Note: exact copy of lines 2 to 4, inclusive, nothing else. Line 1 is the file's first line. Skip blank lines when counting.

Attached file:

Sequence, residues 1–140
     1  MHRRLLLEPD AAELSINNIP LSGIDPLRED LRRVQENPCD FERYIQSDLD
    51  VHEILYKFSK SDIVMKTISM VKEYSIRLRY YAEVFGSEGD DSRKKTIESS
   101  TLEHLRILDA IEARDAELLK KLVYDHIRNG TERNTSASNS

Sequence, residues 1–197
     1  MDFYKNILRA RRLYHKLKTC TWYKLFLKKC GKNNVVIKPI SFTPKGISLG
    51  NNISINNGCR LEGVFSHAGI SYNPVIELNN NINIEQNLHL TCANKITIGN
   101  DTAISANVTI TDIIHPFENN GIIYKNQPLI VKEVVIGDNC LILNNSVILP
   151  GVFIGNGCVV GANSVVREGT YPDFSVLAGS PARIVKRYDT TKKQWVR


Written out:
     1  MHRRLLLEPD AAELSINNIP LSGIDPLRED LRRVQENPCD FERYIQSDLD
    51  VHEILYKFSK SDIVMKTISM VKEYSIRLRY YAEVFGSEGD DSRKKTIESS
   101  TLEHLRILDA IEARDAELLK KLVYDHIRNG TERNTSASNS